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Cromwell as a Soldier: the Military Career of Oliver Cromwell during the English Civil War and Other Conflicts

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Cromwell as a Soldier: the Military Career of Oliver Cromwell during the English Civil War and Other Conflicts
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Author(s): T S Baldock
Date Published: 2017/09
Page Count: 424
Softcover ISBN-13: 978-1-78282-657-6
Hardcover ISBN-13: 978-1-78282-656-9

A unique edition enhanced by battlefield maps

Although this is a book created for students of military history, everyone who knows anything of the history of Britain is aware of the colossal influence of Oliver Cromwell. He was the towering figure among the Parliamentarian forces during the English Civil War, a significant contributor to the creation of the incomparable New Model Army, central to the regicide of Charles I, and a political giant who would become the Lord Protector of England, Scotland and Ireland. In effect, from comparatively obscure origins Cromwell rose to become the undisputed military dictator of his nation. This substantial book is not yet another biography of Oliver Cromwell, for it focus’s entirely on the military career of this remarkable man, and follows him throughout his time as a battlefield commander. His part in and influence over the engagements in which he took part is described in some detail which includes first hand reports by Cromwell and others. This highly recommended book is an invaluable reference work for anyone interested in the conflict that was England’s Civil War, or, indeed, in the waging of war in the 17th century. This Leonaur edition has been enhanced by the inclusion of battlefield maps which did not appear in the original edition.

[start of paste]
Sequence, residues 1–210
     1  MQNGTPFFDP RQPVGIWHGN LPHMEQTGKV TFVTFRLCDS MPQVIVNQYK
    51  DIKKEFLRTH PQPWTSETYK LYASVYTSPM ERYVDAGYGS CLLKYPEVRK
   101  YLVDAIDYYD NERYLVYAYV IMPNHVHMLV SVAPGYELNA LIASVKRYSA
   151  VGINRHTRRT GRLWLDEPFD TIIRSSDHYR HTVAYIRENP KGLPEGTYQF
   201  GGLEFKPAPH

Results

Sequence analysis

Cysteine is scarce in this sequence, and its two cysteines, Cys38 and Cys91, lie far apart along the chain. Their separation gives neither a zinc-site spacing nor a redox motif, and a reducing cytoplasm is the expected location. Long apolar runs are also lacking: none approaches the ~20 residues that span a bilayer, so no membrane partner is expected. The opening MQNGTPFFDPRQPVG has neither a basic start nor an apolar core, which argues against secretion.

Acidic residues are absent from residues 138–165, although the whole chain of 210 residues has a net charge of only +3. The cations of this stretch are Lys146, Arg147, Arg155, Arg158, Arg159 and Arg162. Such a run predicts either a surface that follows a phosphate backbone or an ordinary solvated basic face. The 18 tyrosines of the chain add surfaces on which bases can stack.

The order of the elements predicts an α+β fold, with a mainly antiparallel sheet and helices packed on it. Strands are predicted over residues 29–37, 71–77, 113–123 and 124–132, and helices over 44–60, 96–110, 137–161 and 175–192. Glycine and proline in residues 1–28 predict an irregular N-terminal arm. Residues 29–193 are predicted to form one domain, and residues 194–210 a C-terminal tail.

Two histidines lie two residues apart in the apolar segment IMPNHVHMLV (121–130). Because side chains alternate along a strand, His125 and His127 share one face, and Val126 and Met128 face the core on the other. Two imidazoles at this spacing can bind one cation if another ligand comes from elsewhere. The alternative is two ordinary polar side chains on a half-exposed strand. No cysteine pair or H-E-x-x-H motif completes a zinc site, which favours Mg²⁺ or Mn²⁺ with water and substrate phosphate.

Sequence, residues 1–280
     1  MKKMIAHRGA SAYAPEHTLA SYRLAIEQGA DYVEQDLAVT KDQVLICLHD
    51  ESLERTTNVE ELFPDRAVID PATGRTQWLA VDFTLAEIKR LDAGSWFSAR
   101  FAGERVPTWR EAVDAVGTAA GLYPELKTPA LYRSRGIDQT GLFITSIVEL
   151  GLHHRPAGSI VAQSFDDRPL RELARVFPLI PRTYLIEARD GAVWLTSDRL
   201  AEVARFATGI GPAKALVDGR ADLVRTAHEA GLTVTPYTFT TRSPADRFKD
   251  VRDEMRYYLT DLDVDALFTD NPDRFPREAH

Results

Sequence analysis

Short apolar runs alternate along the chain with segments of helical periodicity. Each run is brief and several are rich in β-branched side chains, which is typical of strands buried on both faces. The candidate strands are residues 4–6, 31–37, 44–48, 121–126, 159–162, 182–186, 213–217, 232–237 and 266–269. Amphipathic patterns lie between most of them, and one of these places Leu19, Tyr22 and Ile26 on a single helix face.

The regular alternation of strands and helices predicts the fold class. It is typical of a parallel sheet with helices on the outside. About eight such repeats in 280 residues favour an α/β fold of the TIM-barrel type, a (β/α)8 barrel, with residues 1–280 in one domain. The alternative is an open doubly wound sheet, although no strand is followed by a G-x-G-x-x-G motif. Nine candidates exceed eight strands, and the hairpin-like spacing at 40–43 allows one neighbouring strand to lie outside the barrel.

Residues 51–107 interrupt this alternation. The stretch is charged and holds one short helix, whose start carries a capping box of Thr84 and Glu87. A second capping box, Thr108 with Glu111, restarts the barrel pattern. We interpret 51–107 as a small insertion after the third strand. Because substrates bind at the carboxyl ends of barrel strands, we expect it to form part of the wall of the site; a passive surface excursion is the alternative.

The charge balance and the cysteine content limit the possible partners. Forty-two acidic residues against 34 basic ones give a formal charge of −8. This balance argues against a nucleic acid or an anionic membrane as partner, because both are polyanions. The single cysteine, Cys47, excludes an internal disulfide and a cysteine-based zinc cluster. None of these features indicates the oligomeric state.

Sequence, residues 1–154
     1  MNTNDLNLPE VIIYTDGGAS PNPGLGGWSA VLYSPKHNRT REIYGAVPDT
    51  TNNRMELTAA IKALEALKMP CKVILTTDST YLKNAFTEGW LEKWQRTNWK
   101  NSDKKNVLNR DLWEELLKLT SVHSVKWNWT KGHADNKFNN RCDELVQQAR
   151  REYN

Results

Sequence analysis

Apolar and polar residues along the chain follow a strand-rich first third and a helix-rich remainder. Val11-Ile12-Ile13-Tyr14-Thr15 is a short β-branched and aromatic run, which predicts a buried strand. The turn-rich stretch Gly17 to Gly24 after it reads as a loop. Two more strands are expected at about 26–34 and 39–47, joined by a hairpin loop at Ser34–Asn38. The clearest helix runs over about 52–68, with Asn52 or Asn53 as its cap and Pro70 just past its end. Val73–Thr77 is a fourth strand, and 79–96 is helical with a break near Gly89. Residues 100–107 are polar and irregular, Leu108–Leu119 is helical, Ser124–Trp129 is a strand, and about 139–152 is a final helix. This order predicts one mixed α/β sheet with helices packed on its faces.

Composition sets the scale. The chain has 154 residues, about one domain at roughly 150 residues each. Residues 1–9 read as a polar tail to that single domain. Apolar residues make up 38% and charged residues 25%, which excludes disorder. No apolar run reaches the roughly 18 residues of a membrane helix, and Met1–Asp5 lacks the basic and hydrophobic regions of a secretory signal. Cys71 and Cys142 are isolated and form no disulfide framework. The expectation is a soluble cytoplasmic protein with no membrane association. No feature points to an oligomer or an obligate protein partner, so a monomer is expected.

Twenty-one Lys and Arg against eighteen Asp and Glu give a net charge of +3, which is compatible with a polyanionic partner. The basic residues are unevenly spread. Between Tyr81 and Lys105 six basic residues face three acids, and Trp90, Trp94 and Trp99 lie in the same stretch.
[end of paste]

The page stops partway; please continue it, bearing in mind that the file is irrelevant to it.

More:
Leonaur editions are newly typeset and are not facsimiles; each title is available in softcover and hardback with dustjacket; our hardbacks are cloth bound and feature gold foil lettering on their spines and fabric head and tail bands.

Rupert, dashing his leading squadrons against their front, flung some of those of his second line against their flank, thus routing them and driving them back on their supports. These, unable to avoid the mingled mass of flying friend and pursuing foe, were in turn broken, and in a few minutes the whole of the Parliamentary horse of the left wing was flying from the field, and Ireton was a prisoner and wounded.
But on the other flank things had taken a very different turn. Directly Cromwell recovered the crest, he sent his squadrons crashing down the hill against Langdale’s Cavaliers. Whalley’s regiment, charging over smooth ground, struck the enemy first, receiving a volley from their pistols at close quarters, but pressing on themselves with the point of the sword. The Life Guard and Rossiter’s, hampered by the rabbit-holes and furze bushes, arrived later, but then striking into the flank of the mêlée, drove the northern horse back in confusion behind the king’s reserve.
The second line followed in good order. Then Cromwell displayed that wonderful control over himself and his men which is the greatest, but perhaps the rarest, quality a cavalry leader can possess. Perceiving that Langdale’s horsemen were sufficiently broken to prevent their charging again for some time, he refrained from completing their overthrow, and turned his attention to the battle in the centre, where the fortune of the day must finally be decided. Rapidly rallying his first line, he reformed their ranks and directed them—not to charge—but to watch Langdale’s broken squadrons and prevent them from taking part in the battle again. Then with his second line he prepared to charge the Royal centre.
Just as he did so the king himself led forward his Horse Guard, a body of 500 gentlemen, from the reserve, with a view of restoring the battle on his left wing. Hardly had they advanced, when the Earl of Carnworth rode out of the ranks, and, seizing the king’s bridle, turned his horse round, exclaiming as he did so, “Will you go upon your death?” At the same time the command—“march to the right hand”—was given, which the Horse Guards mistook for a signal to retire, as it led them away from the enemy. They accordingly wheeled about, and galloped off some distance in such confusion that they were not rallied till the battle was over.